What Does Mark Regnerus Want?

SLATE | Jul. 10, 2014

You might think that a researcher who was repudiated by his own department, caught lying about the role of funding in his research, and generally made the laughing stock of serious scholars in his field would lay low for a while. If this researcher had any desire to rehabilitate his career, you might assume, he would avoid repeating the same line of ungrounded, politicized, and harmful claims about LGBTQ families that badly marred his career in the first place.

But if you were speaking of Mark Regnerus, you’d be wrong. A young, conservative Catholic professor at the University of Texas at Austin, Regnerus gained renown in recent years for getting through peer review a fundamentally flawed study that claimed children of same-sex parents fared poorly, when the study didn’t even examine, well, children of same-sex parents. Numerous investigators from within and outside academia showed definitively that the study—from conception to design to funding to execution and roll-out—was a conservative PR campaign meant to influence court cases to block same-sex marriage by denigrating LGBTQ families with false claims about child outcomes. And all of this with no regard for the stigmatizing impact on those families, particularly children, in whose names conservatives have famously waged their anti-modernist campaigns.

In the wake of yet another study showing the kids are all right, Regnerus has again taken up his pen, this time trying to skewer the latest data by hurling at them the same criticisms that discredited his own study. Yet the facts are simple, and they’re not remotely on his side. The numerous flaws of Regnerus’ study have been amply detailed. But the most glaring one—and the one that reveals the rank hypocrisy of his current attacks on others’ research—is this: Regnerus touted his own study, the New Family Structures Study, which claimed to find numerous disadvantages for kids of gay or lesbian parents, as using the “gold standard for research,” a large, nationally representative sample of subjects: “Instead of relying on small samples, or the challenges of discerning sexual orientation of household residents using census data, my colleagues and I randomly screened over 15,000 Americans aged 18-39.”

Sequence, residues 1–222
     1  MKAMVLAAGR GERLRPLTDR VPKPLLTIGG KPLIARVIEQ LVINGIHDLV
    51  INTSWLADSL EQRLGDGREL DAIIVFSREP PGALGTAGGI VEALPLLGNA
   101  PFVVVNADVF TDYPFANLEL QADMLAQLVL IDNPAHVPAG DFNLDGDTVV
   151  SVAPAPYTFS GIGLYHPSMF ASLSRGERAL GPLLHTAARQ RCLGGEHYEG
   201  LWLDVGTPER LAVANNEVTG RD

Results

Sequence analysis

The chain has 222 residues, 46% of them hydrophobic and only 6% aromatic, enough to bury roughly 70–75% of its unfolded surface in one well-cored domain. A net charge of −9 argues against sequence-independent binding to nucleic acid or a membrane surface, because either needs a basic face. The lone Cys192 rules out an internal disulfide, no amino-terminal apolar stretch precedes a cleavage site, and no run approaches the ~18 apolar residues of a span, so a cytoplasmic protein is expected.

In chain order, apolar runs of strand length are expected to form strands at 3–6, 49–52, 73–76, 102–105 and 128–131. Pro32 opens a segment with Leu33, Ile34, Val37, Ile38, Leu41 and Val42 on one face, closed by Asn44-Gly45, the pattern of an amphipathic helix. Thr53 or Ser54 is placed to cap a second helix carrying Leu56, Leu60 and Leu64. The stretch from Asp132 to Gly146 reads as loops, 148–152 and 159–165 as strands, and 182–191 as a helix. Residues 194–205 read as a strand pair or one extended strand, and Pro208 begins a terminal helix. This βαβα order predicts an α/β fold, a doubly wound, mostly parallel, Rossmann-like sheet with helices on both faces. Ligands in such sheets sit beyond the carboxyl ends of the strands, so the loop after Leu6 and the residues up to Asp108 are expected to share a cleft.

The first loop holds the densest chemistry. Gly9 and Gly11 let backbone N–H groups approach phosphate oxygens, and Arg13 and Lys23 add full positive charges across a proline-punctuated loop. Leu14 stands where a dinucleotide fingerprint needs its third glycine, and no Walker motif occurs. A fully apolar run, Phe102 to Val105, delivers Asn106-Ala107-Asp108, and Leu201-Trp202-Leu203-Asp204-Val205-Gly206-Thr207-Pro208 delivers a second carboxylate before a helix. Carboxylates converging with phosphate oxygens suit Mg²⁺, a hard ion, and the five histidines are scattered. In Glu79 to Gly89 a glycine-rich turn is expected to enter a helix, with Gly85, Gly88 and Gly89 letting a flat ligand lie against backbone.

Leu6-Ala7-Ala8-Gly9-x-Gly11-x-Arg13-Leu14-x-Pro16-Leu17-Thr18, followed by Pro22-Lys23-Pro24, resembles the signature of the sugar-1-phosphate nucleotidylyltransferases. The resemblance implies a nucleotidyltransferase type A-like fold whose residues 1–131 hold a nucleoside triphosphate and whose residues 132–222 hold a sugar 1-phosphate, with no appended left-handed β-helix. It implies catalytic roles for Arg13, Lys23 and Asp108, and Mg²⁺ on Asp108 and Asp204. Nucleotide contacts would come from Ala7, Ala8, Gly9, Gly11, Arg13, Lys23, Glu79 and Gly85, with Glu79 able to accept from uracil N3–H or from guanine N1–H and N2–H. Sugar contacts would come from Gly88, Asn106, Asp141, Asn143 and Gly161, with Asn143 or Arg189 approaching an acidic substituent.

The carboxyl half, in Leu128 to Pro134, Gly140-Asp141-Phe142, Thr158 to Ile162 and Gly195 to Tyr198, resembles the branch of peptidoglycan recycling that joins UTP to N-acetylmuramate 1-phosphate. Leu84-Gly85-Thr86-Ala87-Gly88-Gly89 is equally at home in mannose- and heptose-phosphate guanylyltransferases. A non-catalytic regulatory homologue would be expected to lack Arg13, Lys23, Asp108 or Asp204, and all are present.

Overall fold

But to draw generalizable conclusions about a class of people, such as kids with same-sex parents, your much ballyhooed research pool must consist of, well, the people you’re claiming to study, and the pool must not have a consistent additional variable known to skew the results. Instead, Regnerus relied almost exclusively on children of divorced parents, where one parent had come out as gay—that is, on a subject pool known to raise the risk for children of encountering difficulty, not on kids with gay parents per se. Indeed, of the 15,000 people Regnerus screened, only 248 even had one parent who had had a same-sex relationship, and of those, only two were actually raised for any significant period of time by a stable same-sex couple. Regnerus pulled a classic bait and switch: Look at this huge sample we used for our research showing same-sex parenting harms kids. (Fine print: actually, only two people out of the 15,000 were children of same-sex parents.)

Regnerus therefore gives new meaning to chutzpah in his recent complaint that we “cannot learn” anything of value from the new study by Australian researcher Simon Crouch, “Parent-Reported Measures of Child Health and Wellbeing in Same-Sex Parent Families: A Cross-Sectional Survey.” Regnerus’ conclusion: “To compare the results from such an unusual sample with that of a population-based sample of everyone else is just suspect science.”

Um, Regnerus’ sample size was two. Two children with same-sex parents. Which gives new meaning to the phrase, “unusual sample size.” It’s crucial here to point out a key distinction between having a gay parent and being raised by a same-sex couple. Regnerus investigated 248 children with a gay parent (or to be precise, a parent who had at least one same-sex relationship, which does not, in fact, make them gay or lesbian). That sampling pool is, indeed, drawn from a larger, nationally representative panel, the boasted-about 15,000 people he screened. But the vast majority of the 248 came from homes of parental dissolution, which we know raises risks for kids; only two were raised by a stable same-sex couple. And yet Regnerus makes a much stronger claim than other researchers: that “same-sex parenting” (not just having a gay parent) is harmful to kids, even if they’re raised in a stable household by two members of the same sex. His research doesn’t show this at all, and yet he still says it, a cardinal sin of social science research.